This is a continuation of my previous article, Response Effects of Guitar Pickup Position and Width, and uses similar techniques to examine combinations of two and three pickups, various proportional mixes of the pickups, the special case of equal mixes, pickup polarity, mixes of three pickups, and includes equations and response plots.
Figure 1 shows the frequency response curves of the low E string (82.4 Hz) for the neck, middle and bridge pickups on an example instrument very similar to a Fender Stratocaster using the equations, assumptions and nomenclature in the previous article. I use the Fender Stratocaster as an example because it is a remarkably popular instrument, I am personally very familiar with it, most readers will be able to relate to it, because it has three pickups, and because the pickups are in very typical locations. And if you ignore the middle pickup, the remaining pickups are in typical locations for a two pickup instrument.
Throughout this text all the plots are calculated for a scale length of 25.5 inches, the neck pickup located 6.375 inches from the bridge, the middle pickup located 3.875 inches from the bridge, the bridge pickup located 1.625 inches from the bridge. The idealized pickups in this article sense the string displacement velocity at a single point (ie., they have a magnetic aperture of zero) for more clarity in the response plots.
Neck pickup, 6.375 inches from the bridge. First peak is 165 Hz; nulls every 330 Hz. Middle pickup, 3.875 inches from the bridge. First peak is 271 Hz; nulls every 542 Hz. Bridge pickup, 1.625 inches from the bridge. First peak is 637 Hz, nulls every 1274 Hz. Figure 1. Response curves for the individual pickups on an example instrument similar to a Stratocaster. Low E string, 82.4 Hz, 25.5 inch scale. The red bar indicates the frequency range of fretted notes on a two octave fingerboard.
Mixing the neck and bridge pickups is the most typical pickup combination for a two-pickup instrument. Figure 2 shows a response plot taking the algebraic average, or 50-50 mix of the neck and bridge pickups.
I should point out that on a guitar a pickup mix is typically implemented by shorting two pickups together with a switch. This is not a perfect mix as there is some interaction between the two pickups that occurs when they are shorted. I am ignoring that effect in this article.
Figure 2. A 50/50 mix of the neck pickup and bridge pickup.
The three-pickup Fender Stratocaster is often compared to the two-pickup Fender Telecaster. They are both classic instruments of similar design, with similar electronics and construction. The Telecaster was earlier, the first commercial solid body electric Spanish guitar in fact, and offers a choice of neck, neck&bridge and bridge pickups on a three-way switch. The Stratocaster originally offered a choice of neck, middle and bridge pickups on a three way switch, and later models added two in between positions for a choice of neck, neck&middle, middle, middle&bridge and bridge pickup combinations. But as originally introduced, the Stratocaster switch only selected one pickup at a time.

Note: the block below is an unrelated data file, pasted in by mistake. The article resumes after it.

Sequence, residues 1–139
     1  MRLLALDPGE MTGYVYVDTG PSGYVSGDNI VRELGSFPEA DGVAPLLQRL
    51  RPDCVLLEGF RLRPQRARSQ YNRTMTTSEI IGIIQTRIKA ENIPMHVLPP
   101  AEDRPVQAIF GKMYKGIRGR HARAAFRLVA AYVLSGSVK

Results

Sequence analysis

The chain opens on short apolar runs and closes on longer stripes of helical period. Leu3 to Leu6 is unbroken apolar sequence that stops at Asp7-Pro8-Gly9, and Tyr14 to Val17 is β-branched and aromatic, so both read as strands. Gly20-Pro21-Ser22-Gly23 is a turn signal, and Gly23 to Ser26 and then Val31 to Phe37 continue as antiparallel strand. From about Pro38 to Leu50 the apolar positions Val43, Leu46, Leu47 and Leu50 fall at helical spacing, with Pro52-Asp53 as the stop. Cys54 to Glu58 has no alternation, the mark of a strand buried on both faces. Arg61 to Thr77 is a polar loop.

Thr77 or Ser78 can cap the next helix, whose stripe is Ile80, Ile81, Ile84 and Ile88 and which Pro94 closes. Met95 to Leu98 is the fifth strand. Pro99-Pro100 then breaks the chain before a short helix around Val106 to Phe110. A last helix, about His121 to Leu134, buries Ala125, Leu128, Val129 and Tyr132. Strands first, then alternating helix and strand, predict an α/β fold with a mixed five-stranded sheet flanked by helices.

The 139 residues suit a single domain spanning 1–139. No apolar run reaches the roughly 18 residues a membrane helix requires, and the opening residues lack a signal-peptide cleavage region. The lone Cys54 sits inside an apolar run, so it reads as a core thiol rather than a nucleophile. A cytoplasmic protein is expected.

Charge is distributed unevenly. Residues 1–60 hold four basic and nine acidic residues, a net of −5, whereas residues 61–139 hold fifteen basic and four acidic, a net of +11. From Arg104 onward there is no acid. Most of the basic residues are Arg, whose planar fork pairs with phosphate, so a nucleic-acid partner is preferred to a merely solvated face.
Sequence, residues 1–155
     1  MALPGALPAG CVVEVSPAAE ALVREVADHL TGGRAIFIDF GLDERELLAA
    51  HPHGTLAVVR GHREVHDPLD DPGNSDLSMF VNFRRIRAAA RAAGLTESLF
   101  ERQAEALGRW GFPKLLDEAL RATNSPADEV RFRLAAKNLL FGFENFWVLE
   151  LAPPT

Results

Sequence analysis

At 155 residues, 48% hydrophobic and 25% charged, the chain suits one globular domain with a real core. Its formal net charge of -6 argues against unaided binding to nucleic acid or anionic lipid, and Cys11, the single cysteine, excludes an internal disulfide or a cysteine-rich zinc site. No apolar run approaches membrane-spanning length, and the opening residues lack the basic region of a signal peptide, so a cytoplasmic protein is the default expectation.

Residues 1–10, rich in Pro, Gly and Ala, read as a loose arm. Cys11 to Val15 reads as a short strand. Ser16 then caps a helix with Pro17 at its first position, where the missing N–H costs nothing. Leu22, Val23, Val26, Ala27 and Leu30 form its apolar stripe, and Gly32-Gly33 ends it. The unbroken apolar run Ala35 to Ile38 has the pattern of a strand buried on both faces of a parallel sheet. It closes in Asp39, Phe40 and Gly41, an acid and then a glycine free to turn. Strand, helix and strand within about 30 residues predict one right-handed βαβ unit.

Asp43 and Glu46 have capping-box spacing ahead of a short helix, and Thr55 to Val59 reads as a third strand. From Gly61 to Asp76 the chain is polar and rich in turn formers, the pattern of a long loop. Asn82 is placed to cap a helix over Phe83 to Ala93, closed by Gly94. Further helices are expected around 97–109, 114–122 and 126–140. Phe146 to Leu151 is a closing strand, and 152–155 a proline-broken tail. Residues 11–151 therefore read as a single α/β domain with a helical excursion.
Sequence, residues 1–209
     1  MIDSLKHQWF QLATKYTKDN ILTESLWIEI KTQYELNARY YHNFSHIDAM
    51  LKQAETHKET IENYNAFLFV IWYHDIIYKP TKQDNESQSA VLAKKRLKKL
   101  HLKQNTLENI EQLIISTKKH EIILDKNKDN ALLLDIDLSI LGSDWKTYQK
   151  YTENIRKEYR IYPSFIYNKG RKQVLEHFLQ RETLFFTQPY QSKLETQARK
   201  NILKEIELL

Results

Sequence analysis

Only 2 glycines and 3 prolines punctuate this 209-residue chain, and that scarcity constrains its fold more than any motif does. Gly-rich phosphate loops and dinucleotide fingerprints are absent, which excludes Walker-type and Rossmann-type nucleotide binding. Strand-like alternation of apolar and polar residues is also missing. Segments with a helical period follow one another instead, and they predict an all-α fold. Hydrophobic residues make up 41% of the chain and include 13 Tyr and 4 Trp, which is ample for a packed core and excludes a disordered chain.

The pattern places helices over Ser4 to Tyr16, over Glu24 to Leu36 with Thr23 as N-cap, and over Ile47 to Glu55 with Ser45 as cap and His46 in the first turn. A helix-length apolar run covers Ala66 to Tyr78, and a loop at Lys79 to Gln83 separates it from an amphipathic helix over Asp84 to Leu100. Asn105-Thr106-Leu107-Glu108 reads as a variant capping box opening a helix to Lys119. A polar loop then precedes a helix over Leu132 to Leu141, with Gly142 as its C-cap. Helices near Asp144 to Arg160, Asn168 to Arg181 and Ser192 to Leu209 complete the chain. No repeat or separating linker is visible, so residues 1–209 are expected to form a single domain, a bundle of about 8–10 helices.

Since a major electrical difference between the Stratocaster and the Telecaster is the effect of the middle position of the pickup selector switch, a reasonable question would be "How is a single middle pickup different from a mix of the neck and bridge pickups?" Subjectively, I can say that they both have a sound that is somewhere in between the neck and bridge sounds, but the middle retains the more direct, brash and focused character of the individual neck and bridge sounds while the neck&bridge combination sounds more full and closer to an acoustic instrument. Comparing the response plots suggests why.
The neck&bridge response plot does not show the regular comb filter appearance of the single pickup's response plots. In fact it is two comb filters of different tunings added together, but the combination appears almost random or chaotic on a log-log plot. Perhaps the single comb filter response is the sonically important characteristic of the single pickup timbre while the chaotic appearance of the dual comb filter response is the sonically important characteristic of the two pickup timbre. And perhaps the dual comb filter resonance is similar enough to the natural resonances of an acoustic instrument to suggest that quality.